This is a massive subject and HGV drivers are merely a small part. Then you get company reps or company car drivers but then even more murky is the driving own car on company business! I have seen cars being driven on company business without MOTs, cracked windscreens, unroadworthy tyres and just plain old. These may be fine for commuting but as soona s you start using them for work the law is quite clear – it becomes your workplace and your employer is responsible for it.

Dghdgh
Dghdgh
8 years ago

The most important point around professional drivers relation to road deaths is not the employee but the innocent member of the public. As the true collation between the two categories-professional driver-member of the public would display the need for HSE to take their responsibilities seriously. The police can prosecute the driver who is responsible, not the company for breaching duty of care. The problem would not exist if companies realised their responsibilities and HSE ensured compliance.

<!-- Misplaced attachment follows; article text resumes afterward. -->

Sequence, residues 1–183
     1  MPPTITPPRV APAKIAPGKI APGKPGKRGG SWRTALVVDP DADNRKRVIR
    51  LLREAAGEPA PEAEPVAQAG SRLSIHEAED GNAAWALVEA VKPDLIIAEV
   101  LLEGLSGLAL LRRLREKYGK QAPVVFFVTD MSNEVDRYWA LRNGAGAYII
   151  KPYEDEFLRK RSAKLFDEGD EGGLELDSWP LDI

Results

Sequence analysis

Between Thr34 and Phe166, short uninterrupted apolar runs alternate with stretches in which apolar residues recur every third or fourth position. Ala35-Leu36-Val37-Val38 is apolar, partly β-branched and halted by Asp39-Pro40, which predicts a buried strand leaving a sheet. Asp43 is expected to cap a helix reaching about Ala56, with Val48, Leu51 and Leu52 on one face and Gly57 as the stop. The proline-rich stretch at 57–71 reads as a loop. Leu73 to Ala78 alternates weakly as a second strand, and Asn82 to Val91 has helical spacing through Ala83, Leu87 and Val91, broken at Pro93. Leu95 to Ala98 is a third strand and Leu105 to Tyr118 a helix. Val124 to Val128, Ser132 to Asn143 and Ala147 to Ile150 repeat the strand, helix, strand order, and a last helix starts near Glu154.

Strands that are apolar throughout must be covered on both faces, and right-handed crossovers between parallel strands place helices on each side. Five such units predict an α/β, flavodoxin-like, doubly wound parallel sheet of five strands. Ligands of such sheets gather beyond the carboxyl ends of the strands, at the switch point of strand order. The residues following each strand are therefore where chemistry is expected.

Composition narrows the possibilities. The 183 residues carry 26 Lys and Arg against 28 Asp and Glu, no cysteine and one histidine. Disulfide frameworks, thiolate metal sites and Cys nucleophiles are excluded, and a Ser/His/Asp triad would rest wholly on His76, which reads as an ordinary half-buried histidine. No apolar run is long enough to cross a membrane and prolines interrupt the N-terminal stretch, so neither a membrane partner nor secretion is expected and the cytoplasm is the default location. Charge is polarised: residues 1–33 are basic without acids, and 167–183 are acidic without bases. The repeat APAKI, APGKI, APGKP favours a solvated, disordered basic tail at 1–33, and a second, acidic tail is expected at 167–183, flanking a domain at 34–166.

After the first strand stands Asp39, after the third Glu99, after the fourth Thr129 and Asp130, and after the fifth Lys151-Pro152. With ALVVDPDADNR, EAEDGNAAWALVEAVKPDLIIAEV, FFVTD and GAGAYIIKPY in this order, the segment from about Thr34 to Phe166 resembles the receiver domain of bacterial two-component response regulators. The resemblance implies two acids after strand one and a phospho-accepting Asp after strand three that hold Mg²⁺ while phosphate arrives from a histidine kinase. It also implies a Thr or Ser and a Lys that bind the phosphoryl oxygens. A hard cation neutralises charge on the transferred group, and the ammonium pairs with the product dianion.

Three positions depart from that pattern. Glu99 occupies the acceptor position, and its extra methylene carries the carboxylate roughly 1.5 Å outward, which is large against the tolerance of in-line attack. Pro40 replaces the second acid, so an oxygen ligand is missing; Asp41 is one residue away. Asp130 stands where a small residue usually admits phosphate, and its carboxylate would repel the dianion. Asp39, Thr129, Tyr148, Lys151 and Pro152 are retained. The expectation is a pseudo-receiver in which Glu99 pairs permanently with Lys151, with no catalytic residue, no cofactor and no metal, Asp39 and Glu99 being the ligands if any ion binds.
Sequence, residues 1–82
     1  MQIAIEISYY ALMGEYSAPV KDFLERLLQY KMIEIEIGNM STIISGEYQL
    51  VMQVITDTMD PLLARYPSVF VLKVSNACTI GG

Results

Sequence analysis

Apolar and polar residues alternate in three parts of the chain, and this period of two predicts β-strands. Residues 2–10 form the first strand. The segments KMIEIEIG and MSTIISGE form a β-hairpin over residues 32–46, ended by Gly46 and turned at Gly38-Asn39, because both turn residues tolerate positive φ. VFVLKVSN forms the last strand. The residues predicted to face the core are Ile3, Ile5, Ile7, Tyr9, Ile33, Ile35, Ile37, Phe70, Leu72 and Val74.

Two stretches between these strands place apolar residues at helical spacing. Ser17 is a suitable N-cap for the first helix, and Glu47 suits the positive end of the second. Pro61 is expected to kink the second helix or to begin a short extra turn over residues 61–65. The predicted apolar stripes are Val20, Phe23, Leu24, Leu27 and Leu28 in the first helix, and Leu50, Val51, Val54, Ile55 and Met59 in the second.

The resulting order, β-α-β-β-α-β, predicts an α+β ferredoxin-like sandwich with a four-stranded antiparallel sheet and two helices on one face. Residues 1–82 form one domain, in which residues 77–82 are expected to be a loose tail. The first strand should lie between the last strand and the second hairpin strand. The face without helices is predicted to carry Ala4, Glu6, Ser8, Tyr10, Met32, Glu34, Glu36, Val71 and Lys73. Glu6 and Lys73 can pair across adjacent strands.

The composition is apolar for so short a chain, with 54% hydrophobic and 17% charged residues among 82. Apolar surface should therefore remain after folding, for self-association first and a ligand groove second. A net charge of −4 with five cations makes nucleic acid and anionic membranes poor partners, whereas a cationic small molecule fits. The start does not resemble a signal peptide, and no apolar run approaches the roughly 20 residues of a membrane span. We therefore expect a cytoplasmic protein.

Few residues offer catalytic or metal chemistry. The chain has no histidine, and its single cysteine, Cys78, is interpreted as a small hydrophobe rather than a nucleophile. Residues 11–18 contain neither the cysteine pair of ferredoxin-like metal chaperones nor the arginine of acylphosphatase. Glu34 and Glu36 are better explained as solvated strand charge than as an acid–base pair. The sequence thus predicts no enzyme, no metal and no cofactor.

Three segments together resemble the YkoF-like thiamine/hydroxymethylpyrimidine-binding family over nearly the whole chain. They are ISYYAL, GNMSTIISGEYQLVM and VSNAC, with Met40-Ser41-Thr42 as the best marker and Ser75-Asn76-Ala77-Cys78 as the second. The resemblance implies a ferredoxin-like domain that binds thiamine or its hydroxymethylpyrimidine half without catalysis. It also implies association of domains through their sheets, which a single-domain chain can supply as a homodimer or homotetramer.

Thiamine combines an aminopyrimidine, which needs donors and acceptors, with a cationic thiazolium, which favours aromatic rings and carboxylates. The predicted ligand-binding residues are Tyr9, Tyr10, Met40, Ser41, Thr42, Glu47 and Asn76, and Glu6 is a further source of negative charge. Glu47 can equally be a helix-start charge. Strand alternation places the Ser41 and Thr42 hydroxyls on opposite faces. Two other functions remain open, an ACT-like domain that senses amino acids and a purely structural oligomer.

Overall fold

Major
Major
8 years ago

This is an aspect of safety management worthy of urgent appraisal.

I regularly see and demand remedy of vehicles (cars, vans and trucks) parked on site which are overloaded or carrying materials such as HFLs/EFLs and compressed gasses. Should they be involved in an RTA the potential consequences (loss of life, injury, damage) + endangering the emergency services, may be considerably increased.

This in my opinion is part of the on-site monitoring regime for any safety practitioner

Mschilling
Mschilling
8 years ago